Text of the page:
In yesterday’s post I mentioned that it was trying to snow as we were arriving at my mother-in-law’s house in Mount Shasta in the mountains of far northern California. As I went to bed last night, I was hoping to find a winter wonderland in the morning.
And to my delight I did. In fact, it was still snowing at 8 a.m. this morning. I quickly grabbed my camera and took some photos on my mother-in-law’s two-acre property. Get ready for some picture-postcard loveliness!
Barn in the backyard framed by Western redcedars (Thuja plicata)
When asked what this tree is, my mother-in-law replied, “beats the sh*t out of me”
So it will henceforth be known…
…as the BTHSOM tree
Clearing in the woods
Just seconds before taking this photo I saw a deer walk by
Grandma’s house (without the big oven in the kitchen)
Snow Falling on (Red)Cedars (reference to one of my favorite novels)
I hate the cold, but I love falling snow
One more photo of the impossibly scenic barn in the backyard
This is the small hill in front of the house
Our minivan in front of the house
In 2011, we planted several running bamboos in my parents-in-law’s backyard. Fast forward four years. While all the bamboos are still alive, none with the exception of the stone bamboo (Phyllostachys angusta) below has grown much.
In fact, none of them have “run” to take over the backyard, as some of the neighbors had predicted.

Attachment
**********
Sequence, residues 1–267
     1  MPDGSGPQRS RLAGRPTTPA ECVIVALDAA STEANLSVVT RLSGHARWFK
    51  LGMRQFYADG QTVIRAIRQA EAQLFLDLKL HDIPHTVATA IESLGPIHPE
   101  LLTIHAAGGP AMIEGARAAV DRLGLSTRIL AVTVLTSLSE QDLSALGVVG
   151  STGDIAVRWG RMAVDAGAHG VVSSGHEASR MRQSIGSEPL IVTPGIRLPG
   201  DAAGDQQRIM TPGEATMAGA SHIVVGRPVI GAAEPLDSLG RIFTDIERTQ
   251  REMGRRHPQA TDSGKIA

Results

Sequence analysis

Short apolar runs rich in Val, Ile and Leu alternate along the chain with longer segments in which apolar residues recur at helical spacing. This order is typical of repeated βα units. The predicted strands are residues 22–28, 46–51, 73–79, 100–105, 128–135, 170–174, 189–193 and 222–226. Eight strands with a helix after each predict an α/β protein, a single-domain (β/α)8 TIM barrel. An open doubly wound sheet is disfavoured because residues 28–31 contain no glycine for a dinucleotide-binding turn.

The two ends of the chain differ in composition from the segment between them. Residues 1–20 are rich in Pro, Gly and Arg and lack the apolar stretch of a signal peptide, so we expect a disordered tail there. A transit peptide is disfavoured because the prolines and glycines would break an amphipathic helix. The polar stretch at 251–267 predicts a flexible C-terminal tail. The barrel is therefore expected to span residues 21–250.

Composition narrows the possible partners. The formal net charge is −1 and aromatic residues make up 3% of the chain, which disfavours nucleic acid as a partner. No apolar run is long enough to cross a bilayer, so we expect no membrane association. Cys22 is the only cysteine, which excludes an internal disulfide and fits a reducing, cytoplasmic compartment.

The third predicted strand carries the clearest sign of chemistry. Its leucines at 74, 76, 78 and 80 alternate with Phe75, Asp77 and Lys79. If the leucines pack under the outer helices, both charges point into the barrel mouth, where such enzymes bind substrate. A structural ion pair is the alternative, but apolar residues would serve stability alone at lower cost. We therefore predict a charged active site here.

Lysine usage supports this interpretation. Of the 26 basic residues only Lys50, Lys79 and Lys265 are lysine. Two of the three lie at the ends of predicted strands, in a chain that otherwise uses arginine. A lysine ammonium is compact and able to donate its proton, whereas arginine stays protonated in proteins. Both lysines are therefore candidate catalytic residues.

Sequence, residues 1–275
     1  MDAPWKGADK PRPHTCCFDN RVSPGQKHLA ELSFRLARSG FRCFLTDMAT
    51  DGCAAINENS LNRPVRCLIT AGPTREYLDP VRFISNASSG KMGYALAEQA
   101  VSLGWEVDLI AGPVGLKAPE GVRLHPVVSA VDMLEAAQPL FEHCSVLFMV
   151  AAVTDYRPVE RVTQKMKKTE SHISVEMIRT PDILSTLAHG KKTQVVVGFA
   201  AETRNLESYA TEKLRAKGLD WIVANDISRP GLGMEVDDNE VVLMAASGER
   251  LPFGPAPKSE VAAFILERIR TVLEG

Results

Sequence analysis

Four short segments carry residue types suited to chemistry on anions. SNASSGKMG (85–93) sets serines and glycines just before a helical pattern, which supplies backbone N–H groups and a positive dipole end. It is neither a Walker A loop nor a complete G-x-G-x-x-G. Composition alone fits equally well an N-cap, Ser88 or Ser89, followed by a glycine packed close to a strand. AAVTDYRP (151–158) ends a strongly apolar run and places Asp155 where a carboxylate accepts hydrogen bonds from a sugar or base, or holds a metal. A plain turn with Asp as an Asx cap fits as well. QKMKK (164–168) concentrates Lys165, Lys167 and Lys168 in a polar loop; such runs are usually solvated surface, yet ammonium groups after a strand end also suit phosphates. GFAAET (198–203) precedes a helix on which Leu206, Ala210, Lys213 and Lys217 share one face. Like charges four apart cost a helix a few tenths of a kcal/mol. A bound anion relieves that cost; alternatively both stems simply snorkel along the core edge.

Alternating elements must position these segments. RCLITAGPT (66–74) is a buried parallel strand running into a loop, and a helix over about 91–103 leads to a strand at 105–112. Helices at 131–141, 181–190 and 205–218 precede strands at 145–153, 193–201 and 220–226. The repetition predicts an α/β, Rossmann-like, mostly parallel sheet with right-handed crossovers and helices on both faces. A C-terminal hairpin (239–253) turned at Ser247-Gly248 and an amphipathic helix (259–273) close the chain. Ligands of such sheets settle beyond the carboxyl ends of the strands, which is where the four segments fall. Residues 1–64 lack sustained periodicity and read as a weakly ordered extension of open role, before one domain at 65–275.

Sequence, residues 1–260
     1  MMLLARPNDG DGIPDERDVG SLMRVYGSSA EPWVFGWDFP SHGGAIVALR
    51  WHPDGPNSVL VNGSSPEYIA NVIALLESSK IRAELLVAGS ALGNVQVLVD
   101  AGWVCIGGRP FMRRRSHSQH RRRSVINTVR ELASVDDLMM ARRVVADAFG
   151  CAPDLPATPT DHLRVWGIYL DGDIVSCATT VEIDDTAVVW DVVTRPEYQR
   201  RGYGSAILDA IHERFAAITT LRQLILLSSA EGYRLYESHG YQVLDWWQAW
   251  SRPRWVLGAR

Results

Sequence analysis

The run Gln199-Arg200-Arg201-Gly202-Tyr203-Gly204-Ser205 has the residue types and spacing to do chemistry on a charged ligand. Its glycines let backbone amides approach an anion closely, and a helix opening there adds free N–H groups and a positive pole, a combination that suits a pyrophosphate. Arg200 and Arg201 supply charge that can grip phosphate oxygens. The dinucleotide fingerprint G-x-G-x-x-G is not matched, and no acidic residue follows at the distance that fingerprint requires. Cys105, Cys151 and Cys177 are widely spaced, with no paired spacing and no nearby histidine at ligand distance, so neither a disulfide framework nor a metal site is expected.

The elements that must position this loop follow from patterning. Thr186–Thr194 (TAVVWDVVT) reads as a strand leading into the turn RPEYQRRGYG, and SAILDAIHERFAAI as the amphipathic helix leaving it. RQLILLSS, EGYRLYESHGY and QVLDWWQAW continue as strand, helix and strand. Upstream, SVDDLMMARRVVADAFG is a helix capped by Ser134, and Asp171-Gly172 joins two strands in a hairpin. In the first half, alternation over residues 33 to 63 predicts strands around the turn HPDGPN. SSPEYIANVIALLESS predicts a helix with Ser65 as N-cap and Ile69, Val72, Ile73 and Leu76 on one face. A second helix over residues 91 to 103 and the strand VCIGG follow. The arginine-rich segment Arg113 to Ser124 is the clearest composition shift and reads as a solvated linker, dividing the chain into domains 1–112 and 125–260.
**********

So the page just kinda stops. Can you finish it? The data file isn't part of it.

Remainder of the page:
There are two reasons. Reason #1: The soil here is extremely well draining and dries out very quickly. The only growth that has happened is where the soil gets watered. Reason #2: We’re in year four of an epic drought. My mother-in-law has cut way back on irrigation. The bamboos have received just enough to survive, but not enough to spread.
In light of that, let’s take a look at some of the bamboos in the backyard.
LEFT: Phyllostachys nigra
FOREGROUND: Phyllostachys vivax ‘Aureocaulis’
RIGHT: Phyllostachys bambusoides
Chusquea culeou ‘Roja’ (almost died in the winter of 2013)
Phyllostachys vivax ‘Aureocaulis’ (almost killed by voles in 2011)
Phyllostachys vivax ‘Aureocaulis’
If these bamboos were growing in, say, the Carolinas, they would have engulfed half of the backyard by now. But here in the arid West, they’re barely hanging on.